Side-effects are those effects that happen even though we don’t mean for them to happen. Usually, it means there’s an effect we’d rather avoid. But not always. Intra-ocular pressure usually decreases by a few points after RLE, thus slightly lowering your chance of glaucoma. It’s certainly not the goal of RLE (in most cases), but it’s a nice side-effect. The side-effects most people want to know about, however, aren’t the good or neutral ones.
There are two main side-effects with negative implications after RLE:
The first one is dry eyes. It is exceptionally rare for someone to develop permanent dry eyes after RLE. Since it is a function of healing, dry eye symptoms usually dissipate and then vanish entirely about six months after the procedure. But for the occasional person who develops dry eye symptoms during that initial post-operative period, it’s a pretty annoying problem.
The main reason dry eyes are an annoying problem to treat is because the feeling of dry eyes, or fluctuating vision, can come and go at any time while you’re awake. It’s rarely a constant, every-moment, kind of problem, but having symptoms randomly is still frustrating. It’s also frustrating because the treatments for dry eyes take a few days to weeks to help usually.
Treatment for dry eyes is almost always a specific type of omega-3 oils and some medicated drops to take a few times throughout the day. I’ve not had a patient yet where the symptoms couldn’t be treated till they go away. Still, it’s annoying needing any extra drops or pills when your neighbor didn’t have to do that part of it.
What’s interesting about dry eye treatment is it is almost always based on trying to speed up a process that will happen naturally anyway. In most cases, we are just trying to push forward to the point where the symptoms are naturally gone. I’ll usually tell patients about the temporary nature of their symptoms to reassure them of one fact: if the treatment for this is more annoying than your symptoms, then there’s no need to treat something that’s going away naturally.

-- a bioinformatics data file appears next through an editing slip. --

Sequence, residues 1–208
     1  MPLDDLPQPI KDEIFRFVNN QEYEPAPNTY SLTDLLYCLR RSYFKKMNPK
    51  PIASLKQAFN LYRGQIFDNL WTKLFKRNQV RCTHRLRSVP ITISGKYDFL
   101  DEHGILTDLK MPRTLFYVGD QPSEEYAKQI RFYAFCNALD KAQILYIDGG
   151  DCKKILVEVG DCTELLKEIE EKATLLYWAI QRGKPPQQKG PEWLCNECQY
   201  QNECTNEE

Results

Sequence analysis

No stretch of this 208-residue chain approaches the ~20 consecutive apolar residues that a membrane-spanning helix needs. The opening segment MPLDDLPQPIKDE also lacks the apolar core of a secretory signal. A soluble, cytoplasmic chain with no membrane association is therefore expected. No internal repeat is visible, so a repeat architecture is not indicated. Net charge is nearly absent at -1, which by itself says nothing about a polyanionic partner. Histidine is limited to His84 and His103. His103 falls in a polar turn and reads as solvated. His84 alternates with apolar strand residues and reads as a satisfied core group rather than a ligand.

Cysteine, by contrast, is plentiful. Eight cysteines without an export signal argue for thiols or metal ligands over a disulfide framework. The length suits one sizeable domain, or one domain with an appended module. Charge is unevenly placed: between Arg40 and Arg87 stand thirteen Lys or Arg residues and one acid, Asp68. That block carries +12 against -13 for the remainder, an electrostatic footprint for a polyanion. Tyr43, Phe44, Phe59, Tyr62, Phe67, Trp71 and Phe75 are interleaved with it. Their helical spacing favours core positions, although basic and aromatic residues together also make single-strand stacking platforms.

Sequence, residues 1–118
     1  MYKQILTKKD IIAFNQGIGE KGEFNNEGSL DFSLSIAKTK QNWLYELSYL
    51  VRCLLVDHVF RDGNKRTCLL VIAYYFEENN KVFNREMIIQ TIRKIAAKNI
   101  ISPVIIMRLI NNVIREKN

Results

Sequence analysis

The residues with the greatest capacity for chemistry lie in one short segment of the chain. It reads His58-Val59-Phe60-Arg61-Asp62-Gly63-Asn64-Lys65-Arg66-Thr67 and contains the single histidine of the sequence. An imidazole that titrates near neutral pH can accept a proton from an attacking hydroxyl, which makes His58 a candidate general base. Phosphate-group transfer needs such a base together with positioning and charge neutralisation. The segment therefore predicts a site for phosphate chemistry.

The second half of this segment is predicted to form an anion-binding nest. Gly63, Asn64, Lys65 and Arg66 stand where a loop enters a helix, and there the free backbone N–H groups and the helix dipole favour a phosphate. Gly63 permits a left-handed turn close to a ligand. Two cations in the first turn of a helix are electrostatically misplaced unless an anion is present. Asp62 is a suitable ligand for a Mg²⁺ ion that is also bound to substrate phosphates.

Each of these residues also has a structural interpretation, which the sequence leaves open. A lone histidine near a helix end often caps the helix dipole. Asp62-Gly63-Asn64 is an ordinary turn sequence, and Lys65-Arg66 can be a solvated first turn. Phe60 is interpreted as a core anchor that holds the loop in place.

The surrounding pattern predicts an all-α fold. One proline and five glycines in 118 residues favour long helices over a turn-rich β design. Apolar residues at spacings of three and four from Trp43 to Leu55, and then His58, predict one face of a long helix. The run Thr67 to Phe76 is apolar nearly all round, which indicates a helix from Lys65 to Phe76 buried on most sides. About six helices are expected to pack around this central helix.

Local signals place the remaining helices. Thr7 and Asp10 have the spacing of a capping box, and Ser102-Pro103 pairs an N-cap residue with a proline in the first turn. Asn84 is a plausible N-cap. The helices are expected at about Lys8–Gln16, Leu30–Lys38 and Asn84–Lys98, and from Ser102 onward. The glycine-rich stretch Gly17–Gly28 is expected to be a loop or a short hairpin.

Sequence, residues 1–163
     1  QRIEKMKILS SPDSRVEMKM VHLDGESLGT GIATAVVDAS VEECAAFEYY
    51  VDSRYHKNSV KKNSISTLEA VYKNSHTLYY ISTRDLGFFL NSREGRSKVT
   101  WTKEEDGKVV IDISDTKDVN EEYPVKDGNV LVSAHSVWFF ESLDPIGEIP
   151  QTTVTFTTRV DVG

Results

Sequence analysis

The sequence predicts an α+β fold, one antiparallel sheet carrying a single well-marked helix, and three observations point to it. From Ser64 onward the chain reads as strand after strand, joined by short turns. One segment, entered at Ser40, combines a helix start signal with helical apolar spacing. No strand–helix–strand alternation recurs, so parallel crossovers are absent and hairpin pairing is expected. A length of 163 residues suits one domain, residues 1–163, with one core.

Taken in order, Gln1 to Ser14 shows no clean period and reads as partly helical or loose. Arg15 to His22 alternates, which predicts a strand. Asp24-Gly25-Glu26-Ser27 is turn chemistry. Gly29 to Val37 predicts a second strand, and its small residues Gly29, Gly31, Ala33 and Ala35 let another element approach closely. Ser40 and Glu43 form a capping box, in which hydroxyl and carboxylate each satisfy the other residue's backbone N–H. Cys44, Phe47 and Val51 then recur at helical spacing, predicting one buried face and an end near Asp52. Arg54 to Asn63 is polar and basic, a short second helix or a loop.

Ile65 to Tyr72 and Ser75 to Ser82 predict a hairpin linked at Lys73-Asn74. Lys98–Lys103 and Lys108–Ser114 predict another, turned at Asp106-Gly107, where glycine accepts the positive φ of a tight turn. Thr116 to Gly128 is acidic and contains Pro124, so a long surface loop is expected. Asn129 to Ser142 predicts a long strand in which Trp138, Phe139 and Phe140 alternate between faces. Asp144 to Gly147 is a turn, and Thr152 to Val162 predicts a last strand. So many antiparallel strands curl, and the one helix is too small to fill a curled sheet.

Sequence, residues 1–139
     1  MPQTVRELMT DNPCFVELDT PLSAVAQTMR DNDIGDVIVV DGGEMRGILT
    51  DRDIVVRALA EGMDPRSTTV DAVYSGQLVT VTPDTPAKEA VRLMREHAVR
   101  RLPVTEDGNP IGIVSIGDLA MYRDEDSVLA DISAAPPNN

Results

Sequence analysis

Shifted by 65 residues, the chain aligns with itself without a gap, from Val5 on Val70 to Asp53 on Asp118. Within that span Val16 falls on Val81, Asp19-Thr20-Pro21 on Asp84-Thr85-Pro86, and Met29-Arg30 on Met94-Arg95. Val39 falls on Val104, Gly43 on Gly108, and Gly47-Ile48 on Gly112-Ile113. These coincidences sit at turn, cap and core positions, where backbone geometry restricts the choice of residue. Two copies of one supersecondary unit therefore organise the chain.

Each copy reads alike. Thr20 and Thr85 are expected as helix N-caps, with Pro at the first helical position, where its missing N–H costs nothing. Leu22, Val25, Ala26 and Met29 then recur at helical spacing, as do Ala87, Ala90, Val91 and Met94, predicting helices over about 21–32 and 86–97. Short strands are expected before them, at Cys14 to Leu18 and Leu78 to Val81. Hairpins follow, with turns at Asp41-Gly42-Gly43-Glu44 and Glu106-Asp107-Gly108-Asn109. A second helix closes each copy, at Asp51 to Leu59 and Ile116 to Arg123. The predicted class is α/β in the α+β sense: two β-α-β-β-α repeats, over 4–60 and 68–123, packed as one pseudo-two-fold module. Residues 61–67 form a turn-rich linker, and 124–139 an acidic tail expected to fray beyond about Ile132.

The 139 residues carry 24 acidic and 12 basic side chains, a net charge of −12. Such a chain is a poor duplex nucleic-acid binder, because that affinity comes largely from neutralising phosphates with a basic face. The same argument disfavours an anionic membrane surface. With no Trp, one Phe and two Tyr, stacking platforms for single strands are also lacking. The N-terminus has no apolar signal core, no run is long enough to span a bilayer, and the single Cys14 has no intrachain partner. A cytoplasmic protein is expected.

The other side-effect is the vision. About 1 in 10 patients are almost on target after RLE. It usually means great distance vision, with near vision that only almost good enough. Or it means great near vision, with distance vision that’s just not quite clear enough. We fix that with a LASIK treatment to get to 100% of the goal. It’s rare for someone to need glasses during the couple months waiting for LASIK, but again, it’s very annoying having almost perfect vision. It's mostly because if you see well enough, you can pick up on mild levels of blur pretty easily.
In the majority of cases, however, folks are right on target for distance and near vision after RLE. But having eyes with good optics for distance and near is only part of the equation. There’s almost always a waiting period for your brain to “learn the language” of your new eyes. Processing of vision in your brain’s visual cortex, which creates the image you see, is complicated past what any of us can really fully understand. It’s amazingly adaptive, though.
As your visual cortex adapts and learns your new eyes, the improvement in vision is noticeable. It’s called neuro-adaptation, and it’s a built-in gift of the human brain. Symptoms of night vision, or vision being 20/20 or better but not “clear,” slowly improve over the first few months. The only variable is an ever-improving facility in vision processing.
The common side-effects of RLE are thankfully relatively rare and easy to treat. For side-effects specific to you, however, no words I write will help as much as a consultation complete with all the information that diagnostics and imaging can reveal. In most cases, however, whether it is dry eyes or neuro-adaptation, the main treatment for common side-effects is time. Not years, but sometimes a few months. For most of the symptoms, the goal is to help make life better until your body fixes things for you. And if it is a problem that your body can’t fix, like having almost perfect vision, usually a simple cure like LASIK will get you the rest of the way there.